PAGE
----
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Skateboarding Guide

Skateboarding is often associated with teenage punks and unathletic slackers. Well, let me be the first to tell you, that is a major misconception. Real skateboarding takes time, dedication, agility, patience, and self discipline. But don't let that scare you! Whether you're a beginner or an expert (or a casual or competitive boarder) with the right attitude and equipment skateboarding can be a lot of fun.

A basic skateboard setup is pretty simple, and once you get rolling it doesn't get much more costly. You can buy a skateboard in it's entirety (known as a "complete deck") or you can build it yourself from scratch. To build your own custom board, you'll need some basic equipment: decks ,wheels ,trucks ,bearings ,hardware  and grip tape . This is your basic setup. Other items like risers (hard-plastic, rectangular pads that go between your trucks and your deck) and rails (thin, hard-plastic strips that screw on to the underside of the deck edges and are little used these days) are optional.

Skateboard Decks

A deck  is your standard skateboard -- a smooth wood surface with a double-kick nose and tail. Decks come in a huge variety of sizes, shapes, concaves and a regular assortment of pretty colors and designs. Even further, skateboard companies use different patterns of wood veneers as well as some adding some combinations of synthetics like Lib Tech skateboards.  A complete deck  comes pre-equipped with wheels and trucks, which is probably the best choice for a beginner until you begin developing a style and preferences for what feels best under you. Typically, decks will cost you $30-$60.

  • Materials: Decks can be made of plastic ,aluminum , or fiberglass . The most common material is wood  - this is recommended for virtually everyone. That said, Lib Tech  makes vertically laminated/carbon composite decks (still mainly wood, though there is a fiberglass layer) that are some of the more technically constructed boards in the industry.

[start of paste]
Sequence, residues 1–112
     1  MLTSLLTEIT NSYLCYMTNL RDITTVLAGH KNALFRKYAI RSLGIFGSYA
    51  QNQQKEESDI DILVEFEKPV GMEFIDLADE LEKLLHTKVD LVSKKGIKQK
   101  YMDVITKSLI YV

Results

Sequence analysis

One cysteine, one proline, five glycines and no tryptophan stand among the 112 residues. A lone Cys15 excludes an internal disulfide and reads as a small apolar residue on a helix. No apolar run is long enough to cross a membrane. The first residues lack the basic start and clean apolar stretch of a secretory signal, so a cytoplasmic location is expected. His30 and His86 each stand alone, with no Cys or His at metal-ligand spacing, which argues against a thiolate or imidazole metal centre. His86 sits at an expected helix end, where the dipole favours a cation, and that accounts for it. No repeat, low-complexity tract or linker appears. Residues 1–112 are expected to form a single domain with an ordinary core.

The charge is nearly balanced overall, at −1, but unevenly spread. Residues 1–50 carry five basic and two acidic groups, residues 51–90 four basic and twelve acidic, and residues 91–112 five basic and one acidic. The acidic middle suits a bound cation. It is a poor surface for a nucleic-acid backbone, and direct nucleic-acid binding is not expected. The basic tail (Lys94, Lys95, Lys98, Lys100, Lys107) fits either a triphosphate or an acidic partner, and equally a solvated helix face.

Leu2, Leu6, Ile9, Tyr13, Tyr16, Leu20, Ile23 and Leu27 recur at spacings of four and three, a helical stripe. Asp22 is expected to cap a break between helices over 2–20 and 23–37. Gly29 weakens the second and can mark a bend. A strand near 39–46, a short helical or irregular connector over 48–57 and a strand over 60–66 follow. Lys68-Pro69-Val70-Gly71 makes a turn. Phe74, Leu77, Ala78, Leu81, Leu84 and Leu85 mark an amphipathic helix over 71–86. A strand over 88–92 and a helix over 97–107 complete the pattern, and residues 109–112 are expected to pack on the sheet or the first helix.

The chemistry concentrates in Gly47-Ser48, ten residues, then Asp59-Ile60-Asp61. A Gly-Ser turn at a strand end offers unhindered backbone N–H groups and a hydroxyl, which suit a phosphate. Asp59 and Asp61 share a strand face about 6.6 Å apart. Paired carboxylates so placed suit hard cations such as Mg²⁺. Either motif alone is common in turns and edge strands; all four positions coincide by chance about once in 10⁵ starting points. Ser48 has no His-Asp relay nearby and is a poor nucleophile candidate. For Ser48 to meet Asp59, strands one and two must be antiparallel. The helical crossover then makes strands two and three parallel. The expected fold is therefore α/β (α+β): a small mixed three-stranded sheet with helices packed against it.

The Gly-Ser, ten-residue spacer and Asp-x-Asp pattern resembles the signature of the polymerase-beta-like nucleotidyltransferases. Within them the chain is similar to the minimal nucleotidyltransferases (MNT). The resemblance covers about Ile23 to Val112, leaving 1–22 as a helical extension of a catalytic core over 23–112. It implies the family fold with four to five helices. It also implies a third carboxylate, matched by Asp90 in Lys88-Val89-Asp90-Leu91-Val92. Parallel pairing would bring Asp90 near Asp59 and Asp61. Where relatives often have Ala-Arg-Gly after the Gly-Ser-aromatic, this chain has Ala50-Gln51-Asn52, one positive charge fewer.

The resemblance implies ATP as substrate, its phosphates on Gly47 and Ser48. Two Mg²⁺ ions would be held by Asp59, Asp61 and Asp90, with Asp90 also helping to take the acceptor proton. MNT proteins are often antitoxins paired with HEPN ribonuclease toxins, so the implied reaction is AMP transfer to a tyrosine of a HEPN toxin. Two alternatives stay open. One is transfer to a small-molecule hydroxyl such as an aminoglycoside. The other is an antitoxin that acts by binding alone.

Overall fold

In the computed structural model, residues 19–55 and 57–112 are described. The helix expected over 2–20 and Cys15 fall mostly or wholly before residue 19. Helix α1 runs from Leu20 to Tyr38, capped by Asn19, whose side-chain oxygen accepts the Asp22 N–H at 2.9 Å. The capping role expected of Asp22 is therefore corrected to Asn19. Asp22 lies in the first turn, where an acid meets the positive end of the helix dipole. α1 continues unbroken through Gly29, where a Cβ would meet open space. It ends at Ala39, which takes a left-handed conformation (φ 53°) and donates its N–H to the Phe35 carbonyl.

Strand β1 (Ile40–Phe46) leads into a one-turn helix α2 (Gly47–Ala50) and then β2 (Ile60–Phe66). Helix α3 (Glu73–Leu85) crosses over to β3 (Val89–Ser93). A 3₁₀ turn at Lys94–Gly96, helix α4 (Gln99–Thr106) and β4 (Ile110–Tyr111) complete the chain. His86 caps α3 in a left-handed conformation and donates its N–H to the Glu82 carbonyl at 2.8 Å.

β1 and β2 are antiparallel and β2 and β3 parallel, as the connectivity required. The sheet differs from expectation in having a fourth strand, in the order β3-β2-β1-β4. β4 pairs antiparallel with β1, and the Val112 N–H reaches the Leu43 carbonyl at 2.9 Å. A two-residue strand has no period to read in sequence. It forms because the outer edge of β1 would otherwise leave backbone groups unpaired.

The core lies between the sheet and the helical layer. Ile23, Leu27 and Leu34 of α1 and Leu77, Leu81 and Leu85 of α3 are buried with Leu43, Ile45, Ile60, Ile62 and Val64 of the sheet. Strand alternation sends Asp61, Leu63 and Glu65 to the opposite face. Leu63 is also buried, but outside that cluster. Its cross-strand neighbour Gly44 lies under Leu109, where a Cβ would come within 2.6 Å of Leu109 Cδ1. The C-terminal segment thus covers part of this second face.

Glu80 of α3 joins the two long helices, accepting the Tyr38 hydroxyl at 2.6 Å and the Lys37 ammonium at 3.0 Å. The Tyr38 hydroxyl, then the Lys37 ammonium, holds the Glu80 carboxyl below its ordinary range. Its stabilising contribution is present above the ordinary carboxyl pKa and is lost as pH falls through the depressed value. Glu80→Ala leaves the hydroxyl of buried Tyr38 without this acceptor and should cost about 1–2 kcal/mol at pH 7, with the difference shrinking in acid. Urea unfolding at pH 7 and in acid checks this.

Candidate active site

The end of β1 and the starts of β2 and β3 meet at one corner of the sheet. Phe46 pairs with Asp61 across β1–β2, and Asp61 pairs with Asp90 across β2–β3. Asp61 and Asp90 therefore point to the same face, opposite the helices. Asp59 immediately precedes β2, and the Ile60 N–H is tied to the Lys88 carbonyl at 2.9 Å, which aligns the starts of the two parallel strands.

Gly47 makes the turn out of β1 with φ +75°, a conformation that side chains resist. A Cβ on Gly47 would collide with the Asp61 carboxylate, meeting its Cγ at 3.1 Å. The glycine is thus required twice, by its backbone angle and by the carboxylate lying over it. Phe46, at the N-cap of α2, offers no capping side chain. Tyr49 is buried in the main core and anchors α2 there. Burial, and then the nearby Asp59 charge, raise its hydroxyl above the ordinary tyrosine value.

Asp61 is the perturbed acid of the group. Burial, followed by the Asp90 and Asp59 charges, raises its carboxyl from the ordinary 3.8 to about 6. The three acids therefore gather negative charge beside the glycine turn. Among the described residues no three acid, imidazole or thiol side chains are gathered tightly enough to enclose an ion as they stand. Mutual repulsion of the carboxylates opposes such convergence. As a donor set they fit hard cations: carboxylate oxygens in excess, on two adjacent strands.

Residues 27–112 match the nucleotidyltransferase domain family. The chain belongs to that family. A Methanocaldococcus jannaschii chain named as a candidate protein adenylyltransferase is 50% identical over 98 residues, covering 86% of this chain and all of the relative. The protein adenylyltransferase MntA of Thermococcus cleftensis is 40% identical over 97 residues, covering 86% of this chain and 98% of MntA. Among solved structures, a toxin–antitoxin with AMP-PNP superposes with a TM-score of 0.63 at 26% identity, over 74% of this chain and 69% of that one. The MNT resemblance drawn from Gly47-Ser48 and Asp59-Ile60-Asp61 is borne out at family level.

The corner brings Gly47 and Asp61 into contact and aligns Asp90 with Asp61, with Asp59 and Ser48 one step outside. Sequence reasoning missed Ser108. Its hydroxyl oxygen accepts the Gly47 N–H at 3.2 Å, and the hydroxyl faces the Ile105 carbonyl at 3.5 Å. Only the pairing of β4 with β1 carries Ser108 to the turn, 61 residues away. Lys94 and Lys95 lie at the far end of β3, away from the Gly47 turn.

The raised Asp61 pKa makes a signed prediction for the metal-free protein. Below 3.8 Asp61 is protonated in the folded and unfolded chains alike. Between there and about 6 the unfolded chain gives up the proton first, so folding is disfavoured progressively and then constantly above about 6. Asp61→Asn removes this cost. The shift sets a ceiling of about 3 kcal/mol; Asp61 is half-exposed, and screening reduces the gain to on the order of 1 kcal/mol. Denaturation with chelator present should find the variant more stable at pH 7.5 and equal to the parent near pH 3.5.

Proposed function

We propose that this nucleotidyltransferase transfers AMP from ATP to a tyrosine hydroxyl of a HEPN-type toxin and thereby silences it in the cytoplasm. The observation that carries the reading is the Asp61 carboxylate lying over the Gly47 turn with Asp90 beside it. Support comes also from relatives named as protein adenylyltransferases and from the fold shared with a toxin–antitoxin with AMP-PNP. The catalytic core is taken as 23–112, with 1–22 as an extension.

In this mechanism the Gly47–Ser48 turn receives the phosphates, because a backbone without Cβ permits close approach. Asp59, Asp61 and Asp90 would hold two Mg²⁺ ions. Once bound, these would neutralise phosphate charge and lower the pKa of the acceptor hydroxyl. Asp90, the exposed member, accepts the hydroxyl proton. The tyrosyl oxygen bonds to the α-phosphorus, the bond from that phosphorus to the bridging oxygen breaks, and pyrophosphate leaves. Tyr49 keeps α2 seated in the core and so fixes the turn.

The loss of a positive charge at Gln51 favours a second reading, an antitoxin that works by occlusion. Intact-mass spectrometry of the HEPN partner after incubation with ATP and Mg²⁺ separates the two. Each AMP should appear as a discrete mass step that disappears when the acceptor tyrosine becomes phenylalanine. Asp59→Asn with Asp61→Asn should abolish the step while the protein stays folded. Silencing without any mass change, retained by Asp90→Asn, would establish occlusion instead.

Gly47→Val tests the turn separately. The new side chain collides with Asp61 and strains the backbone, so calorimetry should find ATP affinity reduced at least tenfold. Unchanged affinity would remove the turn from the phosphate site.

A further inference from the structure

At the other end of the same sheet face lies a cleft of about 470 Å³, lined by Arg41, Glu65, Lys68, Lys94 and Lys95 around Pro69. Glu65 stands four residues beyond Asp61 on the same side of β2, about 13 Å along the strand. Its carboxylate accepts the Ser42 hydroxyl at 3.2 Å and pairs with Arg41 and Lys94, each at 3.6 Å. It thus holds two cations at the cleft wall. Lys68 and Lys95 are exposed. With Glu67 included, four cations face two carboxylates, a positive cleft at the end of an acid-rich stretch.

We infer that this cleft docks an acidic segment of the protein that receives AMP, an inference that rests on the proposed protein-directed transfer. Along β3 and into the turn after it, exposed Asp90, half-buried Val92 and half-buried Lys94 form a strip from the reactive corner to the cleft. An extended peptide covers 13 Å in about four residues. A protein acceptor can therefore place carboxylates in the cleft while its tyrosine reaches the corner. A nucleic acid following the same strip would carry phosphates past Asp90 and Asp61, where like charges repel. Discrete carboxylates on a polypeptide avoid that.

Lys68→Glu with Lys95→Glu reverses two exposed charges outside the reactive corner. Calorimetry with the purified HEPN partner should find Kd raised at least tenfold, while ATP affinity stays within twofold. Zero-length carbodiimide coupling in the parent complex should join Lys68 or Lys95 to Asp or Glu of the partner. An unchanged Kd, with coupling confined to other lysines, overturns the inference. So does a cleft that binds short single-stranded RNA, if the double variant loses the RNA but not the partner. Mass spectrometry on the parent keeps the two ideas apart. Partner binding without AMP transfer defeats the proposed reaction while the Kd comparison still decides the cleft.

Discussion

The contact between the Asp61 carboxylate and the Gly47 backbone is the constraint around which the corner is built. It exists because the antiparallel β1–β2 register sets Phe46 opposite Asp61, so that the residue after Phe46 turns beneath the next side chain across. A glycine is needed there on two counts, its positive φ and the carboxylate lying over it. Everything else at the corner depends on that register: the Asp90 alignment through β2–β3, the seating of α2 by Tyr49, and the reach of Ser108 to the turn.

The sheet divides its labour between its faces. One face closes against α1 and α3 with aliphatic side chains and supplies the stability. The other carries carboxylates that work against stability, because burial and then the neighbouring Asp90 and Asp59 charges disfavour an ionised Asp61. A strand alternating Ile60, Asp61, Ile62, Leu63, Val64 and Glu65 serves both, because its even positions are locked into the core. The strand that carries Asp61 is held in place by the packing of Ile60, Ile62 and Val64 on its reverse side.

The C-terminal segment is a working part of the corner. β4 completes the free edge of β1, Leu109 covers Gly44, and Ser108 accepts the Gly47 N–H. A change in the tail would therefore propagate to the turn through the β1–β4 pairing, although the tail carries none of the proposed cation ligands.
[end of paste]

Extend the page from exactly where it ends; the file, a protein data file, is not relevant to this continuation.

• Length: 30-33 inches is preferable for street and skatepark riding. Most companies will make smaller sizes for kids (28-29 inches), but unlike kids' sneakers, the construction and shape remain the same. Anything over 38 inches is for cruising or novelty purposes.
  • Width: General width ranges from 7.5-8.25 inches. 8" is perfectly average and a good width for a versatile board. Most pros will use a wider deck for vert ramps, mini-ramps, bowls and general park skating. A wider deck has a nice stability, which is especially good for the various transitions a park offers. Narrower boards are good for the more technical side of street skating: flip and ledge tricks, handrails and the kind of flip-in, flip-out stuff that you see in video games.
  • Concave: Concavity strengthens the deck and gives it a measure of control. Instead of having a flat piece of wood that's easy to break, you have more of a bellowed out surface like a C-channel, which gives the board a nice feel as you're skating. You'll develop a preference for a particular concavity over time, so don't worry about this one too much at first.

Brands: Anti-Hero ,Almost ,AWS ,Baker ,Birdhouse ,Black Label ,Blind ,Chocolate ,Cliche ,Darkstar ,Element ,Foundation ,Girl ,Habitat ,Rasa Libre ,Shorty's ,Stereo ,Toy Machine , and Zoo York .


Grip Tape

Grip tape: This is not an optional piece of equipment. Grip tape is the black, gritty stuff on the top surface of your deck. It comes in 33-inch sheets that have a sticky, tacky side and a grippy, sandpaper-y side. This is what keeps the board on your feet and gives you a large measure of control. Grip tape comes in a variety of grits that are usually decided upon by manufacturer (standard is 80-100 grit).